The primary action of a condenser will be to augment or modify the application configuration. Commonly, this will take the form or generating or modifying application class files, but this may also include generating or modifying other resources or metadata. Such transformations can be informed by static analysis of the application as well as by dynamic analysis, i.e., performing training runs and observing the application’s behavior.

The API for writing a condenser is deceptively simple:

interface Condenser {
    ApplicationModel condense(ApplicationModel model);

This highlights the fact that a condenser is “just” a functional transform on the application model — and therefore condensers can easily be composed.

The application model

The application model must be able to represent everything of relevance about the application being condensed. This includes data and metadata about class files, modules, symbols, run-time metadata such as class path and main class or module, semantic-carrying command-line flags such as --add-opens, and so forth.

We adopt the following goals for the ApplicationModel API and the condensation process:

Data model

The data-carrying portions of the application-model API are derived mechanically from a data model. The data model consists of entity keys and entity properties. Keys identify an entity in the model (class, module, jar, etc.). As a modeling choice, we adopt the discipline that entity keys contain no actual data other than the identifying characteristics (i.e., primary key) of the entity; they merely name the entity in some namespace. All data about an entity (such as the bytes of a class, or the entries of a JAR) are stored in the entity’s properties, which represent specific facts about that entity. Properties have a cardinality, which constrains how many facts of that kind there can be for the same entity (a class has one definition; a JAR can have many entries). We start with a ridiculously simple model, which says:

  • There is a class path and a list of modules (resolved from the module path and the system modules built-in to the environment),
  • The class path and modules consist of containers,
  • A container has a kind (JAR, modular JAR, or JMOD),
  • A container contains classes and resources, and
  • Classes and resources have content.

We can visualize this model as a diagram, where ovals indicate entities, boxes indicate plain data, and arrows indicate properties (decorated by arity constraints):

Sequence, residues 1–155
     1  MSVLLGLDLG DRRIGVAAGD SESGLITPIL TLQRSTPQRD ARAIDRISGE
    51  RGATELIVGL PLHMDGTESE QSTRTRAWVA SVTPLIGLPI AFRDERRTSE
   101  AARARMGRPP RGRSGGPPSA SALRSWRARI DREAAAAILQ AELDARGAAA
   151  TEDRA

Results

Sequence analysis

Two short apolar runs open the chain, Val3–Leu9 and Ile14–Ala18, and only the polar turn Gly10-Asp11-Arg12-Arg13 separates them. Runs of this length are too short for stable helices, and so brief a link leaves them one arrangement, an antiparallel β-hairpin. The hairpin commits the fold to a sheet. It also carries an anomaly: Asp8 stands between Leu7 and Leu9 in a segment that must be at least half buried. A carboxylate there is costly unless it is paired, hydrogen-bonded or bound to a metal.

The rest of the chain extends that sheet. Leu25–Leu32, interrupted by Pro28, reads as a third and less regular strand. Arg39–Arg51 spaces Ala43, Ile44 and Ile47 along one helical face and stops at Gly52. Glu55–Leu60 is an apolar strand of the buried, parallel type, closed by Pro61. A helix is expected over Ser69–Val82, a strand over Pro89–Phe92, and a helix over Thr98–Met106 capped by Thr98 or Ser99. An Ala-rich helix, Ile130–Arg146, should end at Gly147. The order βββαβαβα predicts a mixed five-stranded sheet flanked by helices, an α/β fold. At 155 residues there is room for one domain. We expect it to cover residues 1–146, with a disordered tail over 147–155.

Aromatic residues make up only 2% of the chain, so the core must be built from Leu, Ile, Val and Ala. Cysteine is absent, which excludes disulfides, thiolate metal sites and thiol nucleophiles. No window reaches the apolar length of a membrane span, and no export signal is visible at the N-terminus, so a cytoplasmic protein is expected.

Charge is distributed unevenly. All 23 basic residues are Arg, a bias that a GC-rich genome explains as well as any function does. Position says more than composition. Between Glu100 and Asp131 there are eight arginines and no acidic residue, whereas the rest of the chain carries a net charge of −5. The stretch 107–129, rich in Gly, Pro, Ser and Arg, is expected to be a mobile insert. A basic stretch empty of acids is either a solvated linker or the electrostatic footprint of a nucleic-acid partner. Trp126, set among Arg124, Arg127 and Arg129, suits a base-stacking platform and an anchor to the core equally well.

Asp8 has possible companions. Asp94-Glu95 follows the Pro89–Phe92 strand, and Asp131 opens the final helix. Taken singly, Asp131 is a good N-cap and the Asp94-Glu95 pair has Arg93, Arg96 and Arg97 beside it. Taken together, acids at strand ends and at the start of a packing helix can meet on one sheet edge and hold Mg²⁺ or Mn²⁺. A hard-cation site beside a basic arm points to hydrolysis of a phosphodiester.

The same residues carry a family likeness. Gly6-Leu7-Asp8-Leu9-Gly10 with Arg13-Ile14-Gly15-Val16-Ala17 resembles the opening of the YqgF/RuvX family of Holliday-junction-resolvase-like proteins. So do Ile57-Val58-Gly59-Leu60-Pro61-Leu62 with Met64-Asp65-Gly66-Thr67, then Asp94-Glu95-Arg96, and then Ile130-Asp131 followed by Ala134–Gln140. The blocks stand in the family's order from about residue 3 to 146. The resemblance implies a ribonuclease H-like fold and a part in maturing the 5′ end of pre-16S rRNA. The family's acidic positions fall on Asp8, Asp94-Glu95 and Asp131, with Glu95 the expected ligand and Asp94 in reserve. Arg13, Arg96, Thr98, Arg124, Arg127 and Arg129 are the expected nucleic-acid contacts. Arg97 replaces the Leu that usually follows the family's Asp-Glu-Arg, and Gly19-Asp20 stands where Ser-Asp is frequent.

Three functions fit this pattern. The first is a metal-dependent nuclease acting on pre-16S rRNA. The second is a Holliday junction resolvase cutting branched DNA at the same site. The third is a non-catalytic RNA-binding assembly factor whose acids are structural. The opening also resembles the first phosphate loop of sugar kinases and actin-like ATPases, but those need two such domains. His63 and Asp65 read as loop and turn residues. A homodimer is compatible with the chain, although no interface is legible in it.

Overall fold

digraph of condenser model

We can translate this model more or less mechanically into an API for querying the model:

sealed interface EntityKey { }

record ModulesKey() implements EntityKey { }
record ClassPathKey() implements EntityKey { }
record ContainerKey(String name) implements EntityKey { }
record ClassKey(ContainerKey container, ClassDesc desc) implements EntityKey { }
record ResourceKey(ContainerKey container, String name) implements EntityKey { }
record ModuleResourceKey(ContainerKey container, String name,
                         ModuleResourceKind kind) implements EntityKey { }

enum ModuleResourceKind {

enum ContainerKind {

interface Model {

  Stream<ContainerKey> modules();
  Stream<ContainerKey> classPath();
  Stream<ClassKey> containerClasses(ContainerKey containerKey);
  Stream<ResourceKey> containerResources(ContainerKey containerKey);
  Stream<ModuleResourceKey> containerModuleResources(ContainerKey containerKey);

  ContainerKind containerKind(ContainerKey containerKey);
  ModuleResourceContents moduleResourceContents(ModuleResourceKey resourceKey);
  ResourceContents resourceContents(ResourceKey resourceKey);
  ClassContents classContents(ClassKey classKey);


Querying the model can lean heavily on streams; if we wanted to find all the public interfaces in an application, we can do so as follows:

List<ClassDesc> publicIntfs =
    Stream.concat(model.modules(), model.classPath())
    .filter(c -> c.flags().has(ACC_PUBLIC) && c.flags().has(ACC_INTERFACE))
    .map(c -> c.thisClass().asSymbol())

What this does is concatenate the module and class-path elements (which are streams of containers), extract the class entries from these containers, map each one to a ClassModel (defined by the new java.lang.classfile API), filter for whether the class represents a public interface, and finally fetch the symbolic descriptor for each one of those.

Transforming the model